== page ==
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WHY DO THE POOR REMAIN POOR? PDF Print E-mail
Written by Jim Jordal   
Saturday, 06 December 2008
WHY DO THE POOR REMAIN POOR?

By Jim Jordal

If you see the poor oppressed in a district, and justice and rights denied, do not be surprised at such things; for one official is eyed by a higher one, and over them both are others higher still. The increase from the land is taken by all; the king himself profits from the fields.

Ecc. 5:8 (NIV)

Poverty in the U.S. remains a seemingly intractable problem—it never goes away. Massive charity never ends poverty—it only makes us feel better about it. And even strenuous, well-intentioned advocacy for the poor often becomes lost in a morass of competing legislative interests and values. Presidents and presidential candidates offer opinions and partial solutions, but the poor remain. No matter what we do or say, the problem persists for generation after generation.

Religious conservatives offer the excuse that, after all, didn’t Jesus say the poor would be always with us, so why deal with the issue at all? And besides, don’t you know that in spite of favorable governmental policies or good economic conditions the poor stay poor because they won’t work or else their family dysfunction keeps them in poverty? So poverty becomes a non-issue.

But laziness and family dysfunction are but two of the many issues surrounding intergenerational poverty. They keep getting mentioned as major causes of poverty simply because they are within the life experiences of all Americans. And in reality they do cause poverty; especially when they exist in conjunction with low educational standards, a shortage of jobs paying decent wages, physical illness and disabilities having nothing to do with the merits of the victims, transportation problems, and the general apathy of both government and many citizens.

The Scripture reading above indicates that we should not be surprised when poverty continues, even in the world’s wealthiest country. As the writer (probably Solomon) maintains, persistent denial of justice and rights is an endemic problem in most human societies. Poverty continues even as those scientific and cultural advances that at first promise deliverance from destitution seem to stall before utopia appears.

One factor playing a strong role in the persistence of poverty is the narrowing of various avenues of upward mobility in American society. When I was growing up education was the key to upward economic mobility—get a college degree and anything would be possible. And education was cheap—tuition was several hundred dollars a year at public institutions of higher education. In the generation following World War Two the GI Bill allowed millions to climb into the middle class through education and home ownership.

Not so today! Good education is rapidly becoming a prerogative mainly of the wealthy (or those willing to take on massive debt) as college expenses rocket into the stratosphere. And home ownership becomes ever more elusive and fraught with danger as unwary borrowers fall victim to predatory lending practices. .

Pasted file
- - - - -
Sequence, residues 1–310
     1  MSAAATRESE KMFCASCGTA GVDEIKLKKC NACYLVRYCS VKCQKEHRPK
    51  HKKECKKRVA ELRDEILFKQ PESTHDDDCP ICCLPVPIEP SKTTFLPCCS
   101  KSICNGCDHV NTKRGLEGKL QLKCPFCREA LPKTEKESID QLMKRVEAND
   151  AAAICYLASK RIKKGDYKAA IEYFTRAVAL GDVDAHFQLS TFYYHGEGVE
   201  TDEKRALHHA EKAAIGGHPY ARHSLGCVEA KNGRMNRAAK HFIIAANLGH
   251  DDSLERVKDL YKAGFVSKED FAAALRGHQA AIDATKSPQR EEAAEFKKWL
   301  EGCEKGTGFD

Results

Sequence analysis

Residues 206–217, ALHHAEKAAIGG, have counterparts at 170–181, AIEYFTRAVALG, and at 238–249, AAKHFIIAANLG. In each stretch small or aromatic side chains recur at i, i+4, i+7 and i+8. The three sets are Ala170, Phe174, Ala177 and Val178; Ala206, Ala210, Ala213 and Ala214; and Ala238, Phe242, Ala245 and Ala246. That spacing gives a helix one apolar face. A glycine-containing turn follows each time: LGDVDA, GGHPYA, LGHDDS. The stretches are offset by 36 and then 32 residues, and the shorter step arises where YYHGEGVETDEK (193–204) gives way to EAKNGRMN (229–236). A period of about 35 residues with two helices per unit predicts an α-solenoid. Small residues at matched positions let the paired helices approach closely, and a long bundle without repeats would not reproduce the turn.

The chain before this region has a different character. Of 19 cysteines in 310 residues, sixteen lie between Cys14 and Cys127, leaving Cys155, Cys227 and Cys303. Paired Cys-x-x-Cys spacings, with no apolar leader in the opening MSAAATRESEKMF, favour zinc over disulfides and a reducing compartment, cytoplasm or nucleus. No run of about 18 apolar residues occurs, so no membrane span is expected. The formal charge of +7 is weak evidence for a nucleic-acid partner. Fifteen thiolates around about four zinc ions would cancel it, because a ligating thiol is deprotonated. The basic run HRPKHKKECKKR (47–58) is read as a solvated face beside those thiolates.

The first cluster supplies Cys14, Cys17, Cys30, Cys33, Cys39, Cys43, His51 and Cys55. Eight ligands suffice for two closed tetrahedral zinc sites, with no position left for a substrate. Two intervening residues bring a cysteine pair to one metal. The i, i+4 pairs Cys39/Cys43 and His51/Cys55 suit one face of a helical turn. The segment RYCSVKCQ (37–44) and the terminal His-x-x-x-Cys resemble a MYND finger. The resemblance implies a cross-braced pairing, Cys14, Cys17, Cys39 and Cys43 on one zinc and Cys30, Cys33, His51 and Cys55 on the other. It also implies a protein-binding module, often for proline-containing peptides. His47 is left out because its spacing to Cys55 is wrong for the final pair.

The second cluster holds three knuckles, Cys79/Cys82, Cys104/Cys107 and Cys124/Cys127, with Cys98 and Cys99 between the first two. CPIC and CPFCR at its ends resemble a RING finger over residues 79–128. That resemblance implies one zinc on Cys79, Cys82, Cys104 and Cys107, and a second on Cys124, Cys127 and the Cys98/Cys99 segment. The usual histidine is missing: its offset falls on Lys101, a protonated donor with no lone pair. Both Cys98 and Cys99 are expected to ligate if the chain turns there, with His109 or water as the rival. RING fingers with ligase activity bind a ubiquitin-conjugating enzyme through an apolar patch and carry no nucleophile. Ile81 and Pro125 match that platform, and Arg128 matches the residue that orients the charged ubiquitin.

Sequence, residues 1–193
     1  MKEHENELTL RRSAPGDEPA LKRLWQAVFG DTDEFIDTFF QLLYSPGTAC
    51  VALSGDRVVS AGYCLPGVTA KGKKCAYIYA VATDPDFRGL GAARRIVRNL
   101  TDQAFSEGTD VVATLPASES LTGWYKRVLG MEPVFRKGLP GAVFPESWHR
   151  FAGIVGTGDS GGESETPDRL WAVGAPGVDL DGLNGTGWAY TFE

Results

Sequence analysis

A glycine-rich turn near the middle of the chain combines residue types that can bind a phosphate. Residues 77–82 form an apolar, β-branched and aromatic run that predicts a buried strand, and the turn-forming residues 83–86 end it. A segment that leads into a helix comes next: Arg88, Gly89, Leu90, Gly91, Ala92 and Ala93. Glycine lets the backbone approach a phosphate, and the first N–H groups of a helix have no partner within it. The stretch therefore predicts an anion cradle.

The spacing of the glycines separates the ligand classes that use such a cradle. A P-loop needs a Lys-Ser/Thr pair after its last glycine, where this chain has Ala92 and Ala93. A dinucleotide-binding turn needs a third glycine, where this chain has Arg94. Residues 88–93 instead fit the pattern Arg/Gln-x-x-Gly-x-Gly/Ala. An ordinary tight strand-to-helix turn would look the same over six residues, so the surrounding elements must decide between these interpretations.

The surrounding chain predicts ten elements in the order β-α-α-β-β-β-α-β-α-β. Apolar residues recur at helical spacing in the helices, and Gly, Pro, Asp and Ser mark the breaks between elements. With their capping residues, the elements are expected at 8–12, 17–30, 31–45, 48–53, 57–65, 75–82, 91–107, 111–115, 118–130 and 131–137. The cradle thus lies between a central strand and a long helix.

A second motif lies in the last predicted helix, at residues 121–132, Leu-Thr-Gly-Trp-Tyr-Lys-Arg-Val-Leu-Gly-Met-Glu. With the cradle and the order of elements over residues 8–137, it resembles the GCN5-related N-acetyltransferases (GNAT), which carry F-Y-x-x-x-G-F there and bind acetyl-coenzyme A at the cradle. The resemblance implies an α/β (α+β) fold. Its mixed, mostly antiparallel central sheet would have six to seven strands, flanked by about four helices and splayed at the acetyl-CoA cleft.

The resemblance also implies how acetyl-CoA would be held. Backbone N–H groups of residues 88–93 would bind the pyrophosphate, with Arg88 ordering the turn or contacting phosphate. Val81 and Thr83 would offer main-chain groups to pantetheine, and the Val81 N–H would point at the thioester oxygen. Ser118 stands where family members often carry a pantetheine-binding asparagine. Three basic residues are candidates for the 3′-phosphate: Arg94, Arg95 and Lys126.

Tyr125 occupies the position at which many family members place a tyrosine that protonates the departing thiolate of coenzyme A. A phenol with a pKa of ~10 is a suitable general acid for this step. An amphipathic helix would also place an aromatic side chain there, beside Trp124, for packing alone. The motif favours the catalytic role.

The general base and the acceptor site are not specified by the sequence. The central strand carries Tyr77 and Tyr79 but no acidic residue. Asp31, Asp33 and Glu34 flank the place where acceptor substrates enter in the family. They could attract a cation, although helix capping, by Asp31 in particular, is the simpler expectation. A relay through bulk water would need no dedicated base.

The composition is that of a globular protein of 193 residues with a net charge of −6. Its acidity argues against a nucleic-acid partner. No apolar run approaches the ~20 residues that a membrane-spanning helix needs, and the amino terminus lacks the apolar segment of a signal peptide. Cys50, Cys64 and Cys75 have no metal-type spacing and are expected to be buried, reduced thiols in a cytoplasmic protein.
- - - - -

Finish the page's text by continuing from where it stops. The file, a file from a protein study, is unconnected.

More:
But far and away the major source of continuing poverty is a persistent government bias in favor of the wealthy and prominent of society. Democrats like to blame Republicans for this sad situation, but both parties participate as if their very lives (they do) depend on it. Despite the rhetoric spouted by both parties against the excessive influence of money in politics, the sad fact remains that America becomes more plutocratic every year as the rich gain power by using their wealth to influence the political process.

This bias toward wealth is as old as this country. The Founding Fathers believed that only men of property were sufficiently wise to determine the direction of the new nation. Secretary of the Treasury Alexander Hamilton proposed a financial plan that would tie the rich to the new nation by creating a national debt to be held by those with property and wealth. Thus they would support the new nation against the "excesses" of freedom demanded by the unwashed working class rabble from the frontier.

Only a few times in our history has this bias been seriously resisted. The Jacksonian Revolution, the Populist-Progressive era, and the New Deal questioned the basic values by which the powerful claim the right to rule. But in each case the revolutionary furor soon subsided as the nation turned again to rewarding the rich with economic gains earned by the labor of the poor.

Today the struggle continues as the ruling classes justify their literally obscene wealth and power by claiming that it results from free market forces rewarding economic risk-taking and financial literacy. This doctrinaire (and faulty) belief maintains that markets can and do allocate all goods and services fairly and efficiently. Allied with this view is the political ideology that freedom can best be preserved as the propertied classes are enticed through favorable rates of taxation and other economic benefits to support the government and the status quo financial situation.

As an example of this bias consider that during and after Second World War the top federal income tax rate was 91 percent, with estate taxes cutting deeply into inherited wealth. Compare that with today’s top tax rate of 36 percent, coupled with continued attacks by the rich and their congressional lackeys against the estate tax. This is bias translated into operation.

So why do the poor remain poor? The entire deck is stacked against them, and will remain so until common people become fed up enough to act. When will that be? Not yet. What we really need is the translation of Christian principles of economic justice into political policy and action. When this occurs, the poor will begin their recovery.

Last Updated ( Saturday, 06 December 2008 )